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SACRAMENTO, Calif. (KTXL) — The recent dry weather in Northern California might be sticking around for a while.

The Climate Prediction Center forecasts a 77% chance La Niña conditions will continue through the month of May.

The term La Niña refers to a correlation between ocean water temperatures and winter weather patterns.

Oftentimes, the weather event brings wetter than normal conditions to the Pacific Northwest and drier weather to Southern California.

Idamis Del Valle, a meteorologist with the National Weather Service in Sacramento, explained to FOX40 that for residents living in the middle La Niña can tilt either way.

“La Niña will likely continue into the spring,” Del Valle said. “Equal chances of either above or below normal precipitation meaning that we’re pretty much dependent on the individual storms.”

“We would probably need at least two atmospheric river storms to finish the water year at or above-normal precipitation,” Del Valle added.

Bottom line: It’s not looking good, but there is still time to at least hope for a March miracle.

Dr. Andrew Schwartz is a researcher at the UC Berkeley Central Sierra Snow Lab near Donner Summit.

“If the last couple months have taught us anything, it’s that we can have those large swings that’ll bring in a lot of precipitation, or we could wind up where we were for the last month and be completely dry,” Schwartz explained. “These extremes are going to get more extreme. So even if we had 200% of our annual snowpack at this moment, we have to remain in conservation mode because every drop saved is going to matter at a later date.”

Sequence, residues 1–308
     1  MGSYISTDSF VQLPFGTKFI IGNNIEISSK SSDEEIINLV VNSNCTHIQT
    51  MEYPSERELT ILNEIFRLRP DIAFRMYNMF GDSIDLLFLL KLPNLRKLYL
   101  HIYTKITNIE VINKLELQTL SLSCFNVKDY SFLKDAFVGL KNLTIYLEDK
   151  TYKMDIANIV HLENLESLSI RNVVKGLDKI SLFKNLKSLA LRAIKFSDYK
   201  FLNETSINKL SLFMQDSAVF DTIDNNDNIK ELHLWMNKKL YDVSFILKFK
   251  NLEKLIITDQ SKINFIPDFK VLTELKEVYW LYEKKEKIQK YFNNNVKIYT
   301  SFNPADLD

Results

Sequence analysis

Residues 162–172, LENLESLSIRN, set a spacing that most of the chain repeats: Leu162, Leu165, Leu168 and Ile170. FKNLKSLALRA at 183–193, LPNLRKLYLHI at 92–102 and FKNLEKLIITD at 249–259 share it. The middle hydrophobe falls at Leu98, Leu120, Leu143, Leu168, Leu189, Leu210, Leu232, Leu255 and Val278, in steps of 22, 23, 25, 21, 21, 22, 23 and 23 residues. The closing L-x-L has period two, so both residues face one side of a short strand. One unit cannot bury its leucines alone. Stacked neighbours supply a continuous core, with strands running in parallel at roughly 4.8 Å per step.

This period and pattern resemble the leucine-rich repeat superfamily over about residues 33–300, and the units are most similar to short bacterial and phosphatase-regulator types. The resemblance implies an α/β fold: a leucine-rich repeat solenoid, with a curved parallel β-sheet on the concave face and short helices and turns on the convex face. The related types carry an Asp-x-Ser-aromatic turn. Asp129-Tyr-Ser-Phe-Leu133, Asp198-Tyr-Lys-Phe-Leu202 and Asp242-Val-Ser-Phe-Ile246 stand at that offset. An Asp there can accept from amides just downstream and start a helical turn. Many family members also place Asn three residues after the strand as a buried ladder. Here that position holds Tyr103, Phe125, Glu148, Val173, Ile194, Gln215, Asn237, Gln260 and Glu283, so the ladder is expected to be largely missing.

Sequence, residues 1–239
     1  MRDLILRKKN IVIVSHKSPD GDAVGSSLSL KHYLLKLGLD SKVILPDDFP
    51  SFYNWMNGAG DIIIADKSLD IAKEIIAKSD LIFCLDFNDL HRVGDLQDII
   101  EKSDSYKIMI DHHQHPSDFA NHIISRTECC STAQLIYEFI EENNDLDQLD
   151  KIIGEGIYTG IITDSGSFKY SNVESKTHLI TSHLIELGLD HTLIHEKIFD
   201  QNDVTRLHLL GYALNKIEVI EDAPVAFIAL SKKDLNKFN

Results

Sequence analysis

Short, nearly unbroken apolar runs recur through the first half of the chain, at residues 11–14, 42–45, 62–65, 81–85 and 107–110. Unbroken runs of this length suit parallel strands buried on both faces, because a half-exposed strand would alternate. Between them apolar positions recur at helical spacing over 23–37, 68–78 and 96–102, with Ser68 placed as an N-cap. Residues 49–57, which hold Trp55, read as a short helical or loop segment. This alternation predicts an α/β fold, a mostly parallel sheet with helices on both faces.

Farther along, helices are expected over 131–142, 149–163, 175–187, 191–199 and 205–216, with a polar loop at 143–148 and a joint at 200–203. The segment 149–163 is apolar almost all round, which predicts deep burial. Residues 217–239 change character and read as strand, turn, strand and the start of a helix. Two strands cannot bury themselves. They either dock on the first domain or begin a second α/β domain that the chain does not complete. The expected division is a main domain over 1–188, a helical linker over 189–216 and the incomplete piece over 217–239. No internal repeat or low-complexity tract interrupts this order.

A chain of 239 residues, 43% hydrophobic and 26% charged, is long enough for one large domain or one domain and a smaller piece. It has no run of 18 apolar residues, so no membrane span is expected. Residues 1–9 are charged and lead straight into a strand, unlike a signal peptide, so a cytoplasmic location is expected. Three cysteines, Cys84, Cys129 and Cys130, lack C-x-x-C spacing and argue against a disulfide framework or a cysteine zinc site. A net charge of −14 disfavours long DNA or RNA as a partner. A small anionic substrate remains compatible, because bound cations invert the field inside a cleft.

Drought and conservation were top of mind as the California Water Commission met on Zoom for several hours Wednesday.

The speakers included John Yarbough, assistant deputy director at the State Water Project.

“October, wettest year on record, then one of the driest Novembers, one of the wettest Decembers, one of the driest Januarys. So, this oscillation between extremes really becomes a challenge as we’re planning out making decisions about what drought actions are needed,” Yarbough said.

Looking ahead to the rest of the year, Yarbough talked about the need to approach the water situation differently with the following recommendations:

  • Consider more extreme scenarios when planning
  • Adjust water supply forecasting approaches
  • Increase cross-agency coordination

With the La Niña weather pattern causing so much uncertainty, this might be a good time to reflect and be extra thankful for what December delivered.

“And yeah, even though we haven’t gotten more snow here at the lab, we still have five feet underfoot. So, it’s not a complete loss,” Schwartz said.